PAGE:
5 Things I Wish I Knew When I Started Blog Writing

When I first dove into the universe of blog writing a few years back, I’m not ashamed to say I had all of the enthusiasm and none of the experience required to put together a cohesive, well-structured, SEO-written piece of content.

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Driven by a genuine passion for writing, I took to the keyboard and typed up a storm with little thought behind what I was trying to say, and how I was communicating.

A few years and few hundreds of blogs later, I’ve picked up some insightful tips from the brilliant content gurus here at Hype & Dexter (plus a lot of sheer trial and error) that I wish I could have shared with the fresh-to-blogging version of myself.

So without further ado - here are my top 5 things I wish I had known when I first took to the craft of writing blogs. Hopefully, they’re of some help!

1. The lone-ranger blog won’t drive traffic

the-lone-ranger

With a good sprinkle of naivety, when I first started blog writing I was under the impression that if you wrote a really, really good blog you’d most likely get a decent amount of readers and generate traffic to your website.

While it will always be true that a well-written blog on an interesting topic will perform better than others, the truth is it takes a lot of planning and consistency to start seeing real results in terms of website traffic and audience growth.

To quote the infamous Neil Patel;

“It’s hard – if not impossible – to succeed at content marketing without creating blog posts on a regular basis.”

Why?

Because ranking on Google is the result of a bit of a snowball effect. Once you’ve built up a foundation of useful, keyword-rich blog posts packed with SEO value, gained backlinks from outside sources and built up domain authority, you’ll start to gain a little traction.

Once you have momentum and begin to grow a following and rank on Google, only then will your growth be significantly noticeable and sometimes that can take up to 6-months. It’s the long play of content marketing.

If you’ve ever tried to consistently write blogs though, you’ll know it’s no easy feat. This is especially true if you’re a part of a business where you’re constantly busy and don’t really have time to sit down and write a 1000-word, information-rich post every week. That’s why it’s really important to have a solid inbound marketing content strategy backing your efforts.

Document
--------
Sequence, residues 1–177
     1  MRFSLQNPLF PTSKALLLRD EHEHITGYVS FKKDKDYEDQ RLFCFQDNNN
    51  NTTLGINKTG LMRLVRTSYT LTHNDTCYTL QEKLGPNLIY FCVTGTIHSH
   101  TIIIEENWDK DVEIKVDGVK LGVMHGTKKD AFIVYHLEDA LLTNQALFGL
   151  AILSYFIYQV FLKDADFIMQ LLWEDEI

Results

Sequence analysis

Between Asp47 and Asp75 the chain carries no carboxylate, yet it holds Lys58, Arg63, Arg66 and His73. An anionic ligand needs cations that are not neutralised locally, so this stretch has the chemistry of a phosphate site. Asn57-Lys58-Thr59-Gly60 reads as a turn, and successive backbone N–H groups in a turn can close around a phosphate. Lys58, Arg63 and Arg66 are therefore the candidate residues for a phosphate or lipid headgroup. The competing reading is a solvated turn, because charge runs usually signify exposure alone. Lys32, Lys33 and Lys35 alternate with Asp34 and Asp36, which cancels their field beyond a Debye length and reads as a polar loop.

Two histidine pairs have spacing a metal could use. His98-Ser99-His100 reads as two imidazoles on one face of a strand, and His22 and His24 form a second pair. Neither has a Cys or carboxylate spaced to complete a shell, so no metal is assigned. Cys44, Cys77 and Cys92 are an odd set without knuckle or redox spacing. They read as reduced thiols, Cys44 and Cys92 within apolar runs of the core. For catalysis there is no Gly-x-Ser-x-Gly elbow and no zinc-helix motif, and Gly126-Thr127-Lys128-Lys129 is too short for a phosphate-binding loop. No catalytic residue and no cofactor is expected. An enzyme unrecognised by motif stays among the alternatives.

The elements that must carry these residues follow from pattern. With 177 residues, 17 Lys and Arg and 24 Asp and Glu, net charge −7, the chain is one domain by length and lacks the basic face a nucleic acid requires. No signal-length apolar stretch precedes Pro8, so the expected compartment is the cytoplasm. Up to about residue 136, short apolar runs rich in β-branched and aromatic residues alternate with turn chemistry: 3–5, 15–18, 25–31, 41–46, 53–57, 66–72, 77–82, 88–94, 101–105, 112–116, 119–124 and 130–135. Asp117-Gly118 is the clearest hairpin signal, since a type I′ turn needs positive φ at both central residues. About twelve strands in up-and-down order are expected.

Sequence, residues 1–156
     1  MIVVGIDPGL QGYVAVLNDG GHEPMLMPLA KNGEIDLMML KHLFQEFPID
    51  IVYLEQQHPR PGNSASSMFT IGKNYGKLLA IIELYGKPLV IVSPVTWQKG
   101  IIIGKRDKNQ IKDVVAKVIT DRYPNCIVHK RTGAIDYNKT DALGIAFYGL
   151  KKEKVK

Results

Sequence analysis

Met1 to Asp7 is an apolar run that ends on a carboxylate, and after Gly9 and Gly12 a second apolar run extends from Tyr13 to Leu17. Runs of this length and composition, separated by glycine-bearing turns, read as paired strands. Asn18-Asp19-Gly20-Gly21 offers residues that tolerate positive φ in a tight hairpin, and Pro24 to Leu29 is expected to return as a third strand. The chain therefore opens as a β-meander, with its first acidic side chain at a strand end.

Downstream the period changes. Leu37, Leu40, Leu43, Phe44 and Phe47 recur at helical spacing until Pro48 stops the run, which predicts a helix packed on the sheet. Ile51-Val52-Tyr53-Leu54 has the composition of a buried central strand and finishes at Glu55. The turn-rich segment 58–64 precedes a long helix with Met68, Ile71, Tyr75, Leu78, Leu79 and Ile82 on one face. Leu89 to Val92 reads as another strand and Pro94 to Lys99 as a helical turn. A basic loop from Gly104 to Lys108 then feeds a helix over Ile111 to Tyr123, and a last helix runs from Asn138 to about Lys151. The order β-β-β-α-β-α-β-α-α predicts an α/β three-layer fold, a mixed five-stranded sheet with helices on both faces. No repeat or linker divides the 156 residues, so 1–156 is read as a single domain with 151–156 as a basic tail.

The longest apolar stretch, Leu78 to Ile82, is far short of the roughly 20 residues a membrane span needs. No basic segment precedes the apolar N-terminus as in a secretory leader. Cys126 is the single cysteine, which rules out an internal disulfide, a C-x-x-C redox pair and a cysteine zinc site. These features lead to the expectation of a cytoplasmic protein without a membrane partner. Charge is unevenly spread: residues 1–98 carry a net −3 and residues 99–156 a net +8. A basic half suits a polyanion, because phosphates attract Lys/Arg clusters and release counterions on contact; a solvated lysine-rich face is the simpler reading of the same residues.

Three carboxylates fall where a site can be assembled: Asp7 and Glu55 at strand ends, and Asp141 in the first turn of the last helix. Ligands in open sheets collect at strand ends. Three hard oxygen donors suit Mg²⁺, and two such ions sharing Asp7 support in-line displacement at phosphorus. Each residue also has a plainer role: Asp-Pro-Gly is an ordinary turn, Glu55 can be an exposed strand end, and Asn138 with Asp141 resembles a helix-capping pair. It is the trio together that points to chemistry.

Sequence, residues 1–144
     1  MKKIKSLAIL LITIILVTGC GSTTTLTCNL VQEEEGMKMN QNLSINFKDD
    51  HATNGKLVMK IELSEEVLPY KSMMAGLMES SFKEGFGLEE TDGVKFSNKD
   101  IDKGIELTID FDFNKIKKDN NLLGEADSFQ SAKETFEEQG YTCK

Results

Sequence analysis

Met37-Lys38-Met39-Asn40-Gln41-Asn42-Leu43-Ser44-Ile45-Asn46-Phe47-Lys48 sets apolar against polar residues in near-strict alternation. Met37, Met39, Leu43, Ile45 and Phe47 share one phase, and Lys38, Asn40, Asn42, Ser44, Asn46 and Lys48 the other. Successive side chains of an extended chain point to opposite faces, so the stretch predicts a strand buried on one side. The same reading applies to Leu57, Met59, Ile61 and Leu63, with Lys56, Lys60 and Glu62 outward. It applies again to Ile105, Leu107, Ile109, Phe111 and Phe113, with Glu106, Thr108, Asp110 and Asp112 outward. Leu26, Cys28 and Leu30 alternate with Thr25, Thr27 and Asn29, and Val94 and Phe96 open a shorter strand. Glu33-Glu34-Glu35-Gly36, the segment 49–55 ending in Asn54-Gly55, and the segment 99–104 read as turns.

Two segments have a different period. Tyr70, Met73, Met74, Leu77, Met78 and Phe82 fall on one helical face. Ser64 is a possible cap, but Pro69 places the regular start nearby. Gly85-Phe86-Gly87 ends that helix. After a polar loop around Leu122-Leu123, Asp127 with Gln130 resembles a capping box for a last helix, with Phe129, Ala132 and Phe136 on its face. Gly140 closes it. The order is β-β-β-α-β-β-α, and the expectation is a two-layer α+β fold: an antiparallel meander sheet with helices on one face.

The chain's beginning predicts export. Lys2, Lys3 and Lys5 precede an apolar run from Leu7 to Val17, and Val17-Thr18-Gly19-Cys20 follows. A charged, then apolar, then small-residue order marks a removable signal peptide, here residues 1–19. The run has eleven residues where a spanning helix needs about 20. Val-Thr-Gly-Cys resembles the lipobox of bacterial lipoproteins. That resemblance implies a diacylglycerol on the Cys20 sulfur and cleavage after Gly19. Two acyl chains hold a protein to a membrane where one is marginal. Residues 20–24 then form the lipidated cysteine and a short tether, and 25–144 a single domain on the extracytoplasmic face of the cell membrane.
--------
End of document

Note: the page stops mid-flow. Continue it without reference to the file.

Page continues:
That way, you’ll have already planned what to write, when to post it, how to promote it - and you can share the workload.

According to HubSpot, marketers who are consistent with blogging are 13 times more likely to get a positive ROI. So, if you’ve written one or two blogs and aren’t seeing any results yet, keep going! It’ll be worth the perseverance.

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2. Keywords and formatting are actually really important

Now that I’m immersed in the content marketing industry this one goes without saying, but probably the biggest lesson I’ve learnt in the past few years is what on earth SEO keywords and formatting are and why they’re super important.

Keywords

It all begins with validating your topic. If customers are actively searching and asking queries surrounding a particular topic, you’re already setting yourself up to have a better chance of capturing the attention of readers. Put it this way; no one will find your blog if no one is looking for it.

Fortunately, there are some really great tools out there (some of them free, too) that can help you to determine the volume of traffic searching for specific keywords out there. For example, Hubspot has it’s own keyword validation tool in the SEO section of Marketing Hub, but also there are tools like Neil Patel’s SEO Made Simple keyword tool and Google Keyword Planner (if you have an Adwords account) that you can make use of.

Then, there’s your on-page SEO to think about. In short, this is weaving short and long-tail keywords throughout your blog article in places that make sense and don’t present as jarring for the reader, so that Google will make the connection between your content and the keywords you’re targeting. Again, tools like Hubspot and Wordpress offer integrated tools that act as a checklist to help you hit your SEO best practice targets, so if you’re fresh to keywords, don’t fret!

Formatting

The other important piece of SEO best practice is formatting. H1, H2 and H3 tags are what Google uses to determine what your webpage or blog is actually about. I like to think about it like this:

  • H1: “Hey Google, this is the main title and most important keyword I’m going to be talking about”.

  • H2: “Also Google, I’ll be covering these related keywords and subtopics in depth! Yep, this is a pretty comprehensive blog”.

  • H3: “Don’t forget Google, I’ve broken down my content into these smaller topics to make it a bit easier for readers and have some pretty valuable things to say about this also”.

Essentially, don’t just increase the font size and highlight your title in bold. You might know that’s what your blog is about, but Google won’t. These tags are also really important if you’re going to try and target Google featured snippet pull-throughs once your blogs start ranking in the top 10 for organic searches - but more on that later!

I think this stuff is quite easily overlooked when you first start blogging.